Date of Award


Degree Type


Degree Name


Degree Program

Conservation Biology


Biological Sciences

Major Professor

Pechmann, Joseph

Second Advisor

Gibbons, J. Whitfield

Third Advisor

Howard, Jerome

Fourth Advisor

Johnson, Steven

Fifth Advisor

Glenn, Travis


In this dissertation, I report new information that is necessary for future mating system studies in a little studied species, the marbled salamander (Ambystoma opacum). I studied female mating behavior, sexual selection, and the consequences of polyandry for individual females and salamander populations. I also compared the performance of several statistical approaches for analyzing genetic mating system data. The first chapter summarizes the characteristics of several novel microsatellite DNA loci as well as cross-amplified loci for marbled salamanders and mole salamanders that may be used for future studies. In the second chapter, I report estimates of sire number for 13 marbled salamander clutches based on microsatellite data from 32 hatchlings per clutch. Females mated with as many as three different males as indicated by conservative techniques. Less than half of females mated with multiple males. Based on comparative analyses, I recommend the parental reconstruction approach with the computer program GERUD for assessing multiple paternity. The third chapter describes an experiment designed to study sexual selection. As expected, in breeding mesocosms, the potential for sexual selection was much higher for males than for females. Size was unrelated to variance in male reproductive fitness. Only opportunity for selection and Morisita’s index conformed to theoretical expectations of the relationship between operational sex ratio and the potential for sexual selection among males. Because opportunity for selection has intuitive links to formal sexual selection theory, I recommend its continued use. In the fourth chapter, I compared polyandrous and monandrous females to explore the potential fitness consequences of multimale mating. No fitness measure at the egg or hatchling stage (clutch size, hatching success, hatchling size, etc.) differed between the two types of clutches. Size of metamorphs was not different, but polyandrous clutches had significantly higher survival to metamorphosis. In the fifth chapter, I analyzed effects of increased polyandry and male availability on genetic diversity, effective population size (Ne), and fitness of experimental populations. Although no analyses were significant, some effects were moderate to high in size. Ne was higher when estimated from hatchlings than with metamorphs.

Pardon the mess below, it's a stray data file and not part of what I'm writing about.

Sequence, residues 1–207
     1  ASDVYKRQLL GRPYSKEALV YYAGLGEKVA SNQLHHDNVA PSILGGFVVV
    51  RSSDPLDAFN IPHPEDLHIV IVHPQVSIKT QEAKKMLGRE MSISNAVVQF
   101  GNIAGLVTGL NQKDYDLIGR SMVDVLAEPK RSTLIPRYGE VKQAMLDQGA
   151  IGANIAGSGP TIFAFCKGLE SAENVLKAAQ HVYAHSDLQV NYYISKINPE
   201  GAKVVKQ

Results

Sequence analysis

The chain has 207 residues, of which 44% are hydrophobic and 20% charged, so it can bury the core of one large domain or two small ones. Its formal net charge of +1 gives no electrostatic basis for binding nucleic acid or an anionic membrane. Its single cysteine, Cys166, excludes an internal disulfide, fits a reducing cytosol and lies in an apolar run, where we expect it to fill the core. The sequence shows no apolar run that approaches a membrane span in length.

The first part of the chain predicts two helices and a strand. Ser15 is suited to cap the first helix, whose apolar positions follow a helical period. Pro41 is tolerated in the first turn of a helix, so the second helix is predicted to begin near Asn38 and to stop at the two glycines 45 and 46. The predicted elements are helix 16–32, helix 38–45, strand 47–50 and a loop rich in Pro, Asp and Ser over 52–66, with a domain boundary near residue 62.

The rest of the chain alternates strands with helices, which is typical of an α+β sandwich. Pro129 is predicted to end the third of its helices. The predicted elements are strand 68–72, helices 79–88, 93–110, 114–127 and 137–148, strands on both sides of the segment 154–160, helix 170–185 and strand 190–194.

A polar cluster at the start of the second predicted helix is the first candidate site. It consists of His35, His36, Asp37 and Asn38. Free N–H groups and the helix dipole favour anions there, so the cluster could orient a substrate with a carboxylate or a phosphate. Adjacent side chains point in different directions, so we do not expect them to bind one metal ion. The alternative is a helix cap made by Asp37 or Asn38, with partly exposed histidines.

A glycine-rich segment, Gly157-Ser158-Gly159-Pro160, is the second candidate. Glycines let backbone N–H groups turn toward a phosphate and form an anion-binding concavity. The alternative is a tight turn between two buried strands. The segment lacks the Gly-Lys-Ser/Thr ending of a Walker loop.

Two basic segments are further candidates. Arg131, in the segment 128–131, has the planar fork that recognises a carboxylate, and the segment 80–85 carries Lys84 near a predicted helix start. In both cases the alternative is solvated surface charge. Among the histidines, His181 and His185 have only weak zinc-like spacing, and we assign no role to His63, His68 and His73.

The University of New Orleans and its agents retain the non-exclusive license to archive and make accessible this dissertation or thesis in whole or in part in all forms of media, now or hereafter known. The author retains all other ownership rights to the copyright of the thesis or dissertation.